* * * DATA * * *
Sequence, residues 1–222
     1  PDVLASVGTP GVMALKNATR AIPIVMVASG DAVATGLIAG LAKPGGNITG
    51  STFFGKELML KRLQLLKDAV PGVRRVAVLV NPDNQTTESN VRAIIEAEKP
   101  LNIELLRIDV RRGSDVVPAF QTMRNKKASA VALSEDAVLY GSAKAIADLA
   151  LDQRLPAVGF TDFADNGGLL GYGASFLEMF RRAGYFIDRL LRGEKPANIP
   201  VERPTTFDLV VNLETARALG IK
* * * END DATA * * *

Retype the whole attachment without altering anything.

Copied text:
Sequence, residues 1–222
     1  PDVLASVGTP GVMALKNATR AIPIVMVASG DAVATGLIAG LAKPGGNITG
    51  STFFGKELML KRLQLLKDAV PGVRRVAVLV NPDNQTTESN VRAIIEAEKP
   101  LNIELLRIDV RRGSDVVPAF QTMRNKKASA VALSEDAVLY GSAKAIADLA
   151  LDQRLPAVGF TDFADNGGLL GYGASFLEMF RRAGYFIDRL LRGEKPANIP
   201  VERPTTFDLV VNLETARALG IK